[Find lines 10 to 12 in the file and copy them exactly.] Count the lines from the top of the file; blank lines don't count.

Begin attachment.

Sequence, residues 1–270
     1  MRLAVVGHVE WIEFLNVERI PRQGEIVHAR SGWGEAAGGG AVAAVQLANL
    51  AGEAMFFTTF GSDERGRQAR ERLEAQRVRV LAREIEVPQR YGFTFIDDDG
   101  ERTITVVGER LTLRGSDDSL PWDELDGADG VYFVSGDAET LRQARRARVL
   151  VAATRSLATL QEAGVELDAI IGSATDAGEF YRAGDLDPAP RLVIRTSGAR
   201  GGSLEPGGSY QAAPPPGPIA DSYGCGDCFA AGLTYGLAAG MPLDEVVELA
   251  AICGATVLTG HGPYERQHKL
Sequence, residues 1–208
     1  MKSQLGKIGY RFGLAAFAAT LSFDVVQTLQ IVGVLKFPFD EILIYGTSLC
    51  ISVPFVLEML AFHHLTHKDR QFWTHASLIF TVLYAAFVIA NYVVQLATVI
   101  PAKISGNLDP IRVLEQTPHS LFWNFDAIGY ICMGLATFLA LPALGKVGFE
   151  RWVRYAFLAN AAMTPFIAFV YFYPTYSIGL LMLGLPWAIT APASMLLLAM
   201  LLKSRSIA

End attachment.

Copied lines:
    51  ISVPFVLEML AFHHLTHKDR QFWTHASLIF TVLYAAFVIA NYVVQLATVI
   101  PAKISGNLDP IRVLEQTPHS LFWNFDAIGY ICMGLATFLA LPALGKVGFE
   151  RWVRYAFLAN AAMTPFIAFV YFYPTYSIGL LMLGLPWAIT APASMLLLAM